Hence, our models only need a style classifier (without parallel data) to automatically influence and encourage continuous-scale stylistic language generation in a complex dialogue setup, which also requires maintaining relevance to conversational context. Each of these models requires minimal changes to the architecture of either the underlying sequence-to-sequence (Seq2seq) dialogue base model or the style classifier, and hence can modularly update the architecture with the latest state-of-the-art dialogue models or style classifiers (and for diverse styles). In addition, we also employ two retrieval-based models, where we output the response which has the highest match with the input context from a set of classifier-picked polite responses or manually-picked generic polite utterances. These two retrieval models serve as parallel investigations on the performance of our three proposed generative models above.

We conducted multiple human evaluations (for style and dialogue quality) on Amazon Mechanical Turk (MTurk[Buhrmester et al.2011] for all three models plus the base sequence-to-sequence dialogue model and the retrieval-based models, and show that while the Fusion and the two retrieval models increase the politeness level of responses at the cost of poorer dialogue quality, both our LFT and Polite-RL models can successfully produce polite responses (capturing several politeness strategies discussed by brown1987politeness), without sacrificing dialogue coherence and relevance compared to the base Seq2seq model (hence better balance between politeness and dialogue quality). We also compare the output dialogue politeness levels of the continuous LFT model for three different politeness levels. Finally, we present several detailed qualitative and quantitative analyses, including positive and negative output examples, automatic metric results on output responses, classifier error analysis, and visualization of the RL rewards.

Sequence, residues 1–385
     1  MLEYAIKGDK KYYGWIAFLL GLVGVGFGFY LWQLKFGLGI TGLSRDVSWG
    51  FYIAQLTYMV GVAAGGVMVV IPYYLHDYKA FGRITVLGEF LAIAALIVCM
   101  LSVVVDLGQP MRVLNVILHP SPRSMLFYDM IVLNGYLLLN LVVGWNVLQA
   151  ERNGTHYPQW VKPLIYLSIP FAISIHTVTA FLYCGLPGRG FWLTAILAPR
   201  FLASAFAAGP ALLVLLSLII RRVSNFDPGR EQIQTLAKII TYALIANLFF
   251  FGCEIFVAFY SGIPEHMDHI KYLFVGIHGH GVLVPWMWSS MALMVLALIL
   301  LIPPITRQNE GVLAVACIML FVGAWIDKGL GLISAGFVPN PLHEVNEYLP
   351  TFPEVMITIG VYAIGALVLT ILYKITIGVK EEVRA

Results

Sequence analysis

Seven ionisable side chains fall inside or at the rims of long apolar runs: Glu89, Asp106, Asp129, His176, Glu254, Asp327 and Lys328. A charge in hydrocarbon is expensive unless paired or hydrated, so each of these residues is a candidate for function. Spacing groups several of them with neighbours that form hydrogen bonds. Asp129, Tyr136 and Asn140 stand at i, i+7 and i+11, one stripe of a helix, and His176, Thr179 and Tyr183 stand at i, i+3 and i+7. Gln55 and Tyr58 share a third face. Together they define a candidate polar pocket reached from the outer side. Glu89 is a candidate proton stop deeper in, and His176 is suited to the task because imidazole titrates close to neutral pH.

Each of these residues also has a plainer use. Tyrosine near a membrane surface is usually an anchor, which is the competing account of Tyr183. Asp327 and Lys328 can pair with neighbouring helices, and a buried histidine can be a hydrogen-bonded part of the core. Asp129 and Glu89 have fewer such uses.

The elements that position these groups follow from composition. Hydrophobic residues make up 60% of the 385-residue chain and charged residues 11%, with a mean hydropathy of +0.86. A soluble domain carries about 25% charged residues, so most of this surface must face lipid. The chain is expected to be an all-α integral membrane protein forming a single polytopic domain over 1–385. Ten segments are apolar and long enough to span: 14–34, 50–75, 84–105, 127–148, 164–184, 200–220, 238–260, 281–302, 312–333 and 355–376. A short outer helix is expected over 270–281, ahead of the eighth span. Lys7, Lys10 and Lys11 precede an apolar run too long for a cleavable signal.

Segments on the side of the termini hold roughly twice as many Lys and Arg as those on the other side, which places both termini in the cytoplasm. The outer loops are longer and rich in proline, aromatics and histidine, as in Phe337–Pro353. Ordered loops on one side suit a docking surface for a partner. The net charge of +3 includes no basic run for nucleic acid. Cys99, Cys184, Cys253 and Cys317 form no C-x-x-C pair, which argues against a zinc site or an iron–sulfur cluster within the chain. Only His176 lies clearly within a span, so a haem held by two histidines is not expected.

2 Related Works

2.1 Models for Style Transfer

Style Transfer with Parallel Data